The rates concession granted by the government for the 08/09 financial year has placed the city's 160-year-old rates system and the Rating and Valuation Department in the spotlight.
The department's role is to provide equitable valuations for the efficient collection of rates and government rent. "We used to carry out revaluation exercises every three years, but due to rapid societal change and higher public expectations we now do it annually," says Tsui Chi-hung, principal valuation surveyor, Rating and Valuation Department.
Aside from handling more than 2.3 million assessments and thousands of objection cases annually, the department, which employs more than 800 staff, aims at delivering quality property information to contribute to the ongoing development of a transparent and efficient property market. An annual publication Hong Kong Property Review is produced to publicise end-of-year information on completions, take-up, vacancy, prices and rents of properties in Hong Kong. The department also plans to launch a new online Property Information System to provide the public with access to property information.
To enhance its operations through advanced information technology, the department recently completed a five-year plan. This is in line with the government's 2008 Digital 21 Strategy, a blueprint for the development of information and communications technology in Hong Kong.
Customer-oriented electronic services will include e-demand notes and more e-requisition forms for property information. "We believe in growing and changing with the times," Mr Tsui notes. "Our aim is to enhance service efficiency and promote a greener environment."
The department is keen on improving efficiency and customer service by ongoing assessment of existing practices and identification of change opportunities. "Following research by external consultants and the government's Efficiency Unit, we've introduced a business process reengineering mechanism to streamline operations and we constantly review our procedures to upgrade service levels," Mr Tsui stresses, adding that the department takes heed of public expectations and keeps up with global developments so as to maintain the best position for optimum service delivery.
As the property market fluctuates, it also creates bountiful opportunities across the board. Since the recruitment freeze ended a couple of months ago, the Rating and Valuation Department has been looking for suitable candidates to fill civil servant positions like assistant valuation surveyor and valuation surveyor. A valuation surveying graduate (non-civil servants) scheme was also put in place to offer young graduates on-the-job training towards the Hong Kong Institute of Surveyors or Royal Institute of Chartered Surveyors qualifications.
The department's staff development section runs induction programmes for new recruits and identifies training needs. Courses range from language and information technology to management training.
"On-the-job training helps hone the specific practical skills necessary for working in government service," Mr Tsui notes. "A mentorship scheme has also been implemented and it enables assistant valuation surveyors and valuation surveying graduates to work under the guidance of senior valuation surveyors."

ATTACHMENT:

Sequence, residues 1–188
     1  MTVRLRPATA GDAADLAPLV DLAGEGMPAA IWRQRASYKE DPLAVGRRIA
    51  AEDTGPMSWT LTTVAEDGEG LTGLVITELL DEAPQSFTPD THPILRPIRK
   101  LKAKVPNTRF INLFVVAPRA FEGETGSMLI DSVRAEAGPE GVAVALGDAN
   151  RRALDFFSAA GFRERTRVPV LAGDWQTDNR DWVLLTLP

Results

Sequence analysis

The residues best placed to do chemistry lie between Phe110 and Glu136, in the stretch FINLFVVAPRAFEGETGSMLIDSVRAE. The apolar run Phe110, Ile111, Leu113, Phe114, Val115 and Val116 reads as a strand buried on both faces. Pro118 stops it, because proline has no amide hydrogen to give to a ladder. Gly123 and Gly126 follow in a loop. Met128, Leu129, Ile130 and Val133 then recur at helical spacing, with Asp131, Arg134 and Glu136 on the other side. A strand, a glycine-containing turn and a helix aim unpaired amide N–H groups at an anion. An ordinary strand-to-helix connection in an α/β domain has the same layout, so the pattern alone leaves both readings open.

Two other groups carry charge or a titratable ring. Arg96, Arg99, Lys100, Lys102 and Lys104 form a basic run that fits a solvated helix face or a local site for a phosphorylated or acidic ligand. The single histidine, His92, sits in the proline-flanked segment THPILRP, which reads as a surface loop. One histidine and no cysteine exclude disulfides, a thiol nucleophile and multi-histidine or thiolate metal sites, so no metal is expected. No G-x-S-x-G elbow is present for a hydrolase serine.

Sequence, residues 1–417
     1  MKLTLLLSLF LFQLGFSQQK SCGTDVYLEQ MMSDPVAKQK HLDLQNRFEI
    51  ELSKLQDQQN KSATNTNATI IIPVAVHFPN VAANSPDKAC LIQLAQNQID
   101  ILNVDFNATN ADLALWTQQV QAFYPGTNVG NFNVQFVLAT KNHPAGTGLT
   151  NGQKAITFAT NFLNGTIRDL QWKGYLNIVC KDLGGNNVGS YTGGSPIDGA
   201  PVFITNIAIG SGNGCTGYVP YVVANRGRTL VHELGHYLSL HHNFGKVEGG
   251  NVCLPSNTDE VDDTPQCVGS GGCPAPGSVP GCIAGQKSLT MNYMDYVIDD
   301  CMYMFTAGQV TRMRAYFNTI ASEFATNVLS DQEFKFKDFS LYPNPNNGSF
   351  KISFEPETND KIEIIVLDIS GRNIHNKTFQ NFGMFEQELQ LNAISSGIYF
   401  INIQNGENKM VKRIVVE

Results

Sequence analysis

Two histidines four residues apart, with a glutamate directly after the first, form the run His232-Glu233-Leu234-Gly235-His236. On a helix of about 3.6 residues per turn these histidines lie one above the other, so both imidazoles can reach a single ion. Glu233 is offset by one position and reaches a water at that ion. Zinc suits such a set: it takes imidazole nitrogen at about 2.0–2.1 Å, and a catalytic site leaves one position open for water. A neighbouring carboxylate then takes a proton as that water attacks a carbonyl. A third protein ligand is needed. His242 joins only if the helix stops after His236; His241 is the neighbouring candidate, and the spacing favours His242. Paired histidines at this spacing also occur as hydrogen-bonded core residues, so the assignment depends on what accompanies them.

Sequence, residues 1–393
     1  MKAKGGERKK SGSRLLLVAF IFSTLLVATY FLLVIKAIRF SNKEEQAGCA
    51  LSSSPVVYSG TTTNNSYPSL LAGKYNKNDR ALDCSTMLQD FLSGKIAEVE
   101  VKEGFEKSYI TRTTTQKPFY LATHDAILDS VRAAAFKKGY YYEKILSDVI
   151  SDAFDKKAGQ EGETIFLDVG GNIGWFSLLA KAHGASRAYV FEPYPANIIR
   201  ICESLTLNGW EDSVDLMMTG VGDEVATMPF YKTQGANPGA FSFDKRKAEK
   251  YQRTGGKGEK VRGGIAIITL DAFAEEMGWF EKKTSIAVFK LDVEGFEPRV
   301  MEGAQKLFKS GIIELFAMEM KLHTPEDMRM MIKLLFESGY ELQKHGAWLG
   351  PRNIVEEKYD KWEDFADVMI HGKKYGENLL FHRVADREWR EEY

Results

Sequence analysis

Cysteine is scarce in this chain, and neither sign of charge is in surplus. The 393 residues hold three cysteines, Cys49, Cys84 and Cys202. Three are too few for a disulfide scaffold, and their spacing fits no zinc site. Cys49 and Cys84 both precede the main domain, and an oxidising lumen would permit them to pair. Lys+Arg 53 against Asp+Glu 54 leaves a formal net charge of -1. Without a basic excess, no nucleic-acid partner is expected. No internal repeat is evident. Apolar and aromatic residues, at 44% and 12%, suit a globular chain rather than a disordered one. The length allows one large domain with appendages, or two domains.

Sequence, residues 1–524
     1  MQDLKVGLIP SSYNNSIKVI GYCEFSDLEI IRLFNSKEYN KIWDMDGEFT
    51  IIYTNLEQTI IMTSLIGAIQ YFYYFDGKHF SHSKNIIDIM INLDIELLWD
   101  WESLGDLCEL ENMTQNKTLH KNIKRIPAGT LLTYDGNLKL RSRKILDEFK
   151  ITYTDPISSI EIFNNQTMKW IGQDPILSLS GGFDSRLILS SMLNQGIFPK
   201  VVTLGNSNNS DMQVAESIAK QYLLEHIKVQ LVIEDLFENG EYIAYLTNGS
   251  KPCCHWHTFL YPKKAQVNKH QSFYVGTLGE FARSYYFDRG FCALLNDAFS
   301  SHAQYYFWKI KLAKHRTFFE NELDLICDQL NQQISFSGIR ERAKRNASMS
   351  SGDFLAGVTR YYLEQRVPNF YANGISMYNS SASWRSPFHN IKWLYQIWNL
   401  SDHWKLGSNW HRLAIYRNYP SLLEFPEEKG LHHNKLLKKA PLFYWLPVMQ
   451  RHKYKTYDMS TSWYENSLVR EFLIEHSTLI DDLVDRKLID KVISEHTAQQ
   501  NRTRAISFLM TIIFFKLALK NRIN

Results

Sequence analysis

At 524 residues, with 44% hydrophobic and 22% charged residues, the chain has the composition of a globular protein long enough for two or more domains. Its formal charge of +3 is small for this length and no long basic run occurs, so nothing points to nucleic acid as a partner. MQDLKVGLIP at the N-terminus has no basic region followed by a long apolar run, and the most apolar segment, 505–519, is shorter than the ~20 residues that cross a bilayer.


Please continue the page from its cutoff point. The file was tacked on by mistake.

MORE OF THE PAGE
The role of government valuation surveyors is similar to that of surveyors in the private sector, says Mr Tsui, but while traditional valuation methods like "comparison" or "receipt and expenditure" are used by both sectors, the government has introduced a geographic information system (GIS), which is linked to a computer-assisted mass appraisal (CAMA) system to perform valuation analysis and provide estimated values.
The government offers a solid foundation for professional development and a comparatively stable working environment, Mr Tsui points out. "Working for the government, you get to familiarise yourself with the rules and regulations and ensure that every procedure complies with the law. If you enjoy offering your service to the general public, this is the right place for you," Mr Tsui adds, explaining that the multifaceted nature of the job facilitates cross-functional development. Surveyors in the computer division or support services division, for example, provide centralised support to the entire department. This entails research, data analysis and maintaining and developing computer systems.
Prospective candidates must be highly professional and passionate about the field. Integrity and persistence to complete tasks on time are other important attributes. "Team leaders are expected to demonstrate excellent leadership skills, provide clear directives, build trust and maintain a harmonious and cooperative working environment to facilitate efficient service delivery," Mr Tsui adds, advising prospective surveyors to keep up with developments in the local property market, as well as on the mainland and further afield.
- Passion, integrity and persistence essential
- Lateral developments encouraged
- Continuous enhancement opportunities ample